CBC Radio, March 2015: Four years after the nuclear disaster in Fukushima, scientists like UVic’s Jay Cullen are still monitoring the Pacific waters near us for radiation. Listen to what he’s found and what he hasn’t… Cullen: “If we see cesium-134 in a water sample or a fish for example we know that that’s been affected by the Fukushima disaster… Not only is cesium a marker for other isotopes that were released… it also represents a potential radiological health risk because if its internalized… it can damage our cells and cause illness. So the risk of illness appearing in individuals relates to the activity, how much of that isotope ends up in their body. Given the nature of this disaster, with most of the isotopes going into the North Pacific Ocean, the most likely way that a human being would be exposed to this radioactivity at this point would be through the consumption of seafood.” >> Full interview here

Watch Woods Hole’s latest projection of Fukushima Cs-137 levels through 2021 here

 

Related Posts

  1. “Radioactive metal from Fukushima” detected in Pacific Northwest — Professor: “That was a surprise, it means there are still emissions … and trans-Pacific air pollution… It’s a concern to us, this is an international issue” March 12, 2014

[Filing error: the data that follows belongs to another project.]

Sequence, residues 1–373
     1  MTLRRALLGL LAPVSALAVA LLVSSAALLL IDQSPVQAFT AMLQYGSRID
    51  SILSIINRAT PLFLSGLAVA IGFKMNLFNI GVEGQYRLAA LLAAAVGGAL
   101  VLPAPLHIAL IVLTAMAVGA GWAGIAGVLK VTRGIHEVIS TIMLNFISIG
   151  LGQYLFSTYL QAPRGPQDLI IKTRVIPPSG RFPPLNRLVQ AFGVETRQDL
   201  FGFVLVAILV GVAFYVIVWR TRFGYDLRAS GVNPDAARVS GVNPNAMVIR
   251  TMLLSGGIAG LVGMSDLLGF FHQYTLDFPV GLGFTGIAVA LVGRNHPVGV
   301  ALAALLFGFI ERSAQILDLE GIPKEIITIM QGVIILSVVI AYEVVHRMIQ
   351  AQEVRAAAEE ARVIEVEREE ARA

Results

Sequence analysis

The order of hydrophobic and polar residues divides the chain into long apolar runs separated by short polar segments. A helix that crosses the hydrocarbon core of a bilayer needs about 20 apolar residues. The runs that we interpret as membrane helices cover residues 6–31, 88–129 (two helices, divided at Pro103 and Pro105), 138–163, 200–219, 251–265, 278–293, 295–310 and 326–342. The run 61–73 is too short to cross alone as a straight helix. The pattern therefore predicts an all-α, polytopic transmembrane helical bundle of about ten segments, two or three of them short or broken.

2. US Nuclear Professor: Fukushima “a really major event here”, Washington had radioactive aerosols 100,000 times normal; “Far more bigger accident than we’re hearing” — Model shows West Coast completely blacked out due to particles covering area — Gundersen: Lung cancers to start increasing in Pacific Northwest (AUDIO) November 16, 2014
  3. “Prestigious group of international scientists” interested in risk to West Coast from Fukushima radioactive plume — “Major concern for public health of coastal communities” — Bioaccumulation potential in region must be understood April 30, 2014
  4. Professor: California bluefin tuna may have been contaminated by radioactive substances from Fukushima that traveled across Pacific, rather than contamination off coast of Japan — We don’t know exactly what is happening (VIDEO) October 10, 2013
  5. California Official: Information on risk from Fukushima needs to be made public — State in contact with NRC — CBS: ‘Health Scare Over Possible Fukushima Radiation In Pacific-Caught Fish’ — Surfer: I’d never go surfing right now (VIDEO) January 11, 2014

‘Dear Humanity, We Have a Systems Problem’: New Project Aims to Promote Deep Solutions, Radical Transformation

‘It’s time to talk about alternatives,’ says team of thinkers behind the Next System Project

by
Jon Queally

The newly launched project argues that ‘large-scale system change is needed’ to address humanity’s deepest crises, but that cautious optimism is warranted because social, economic and political alternatives do exist. (Image: thenextsystem.org)

“It’s time to talk about what’s next.”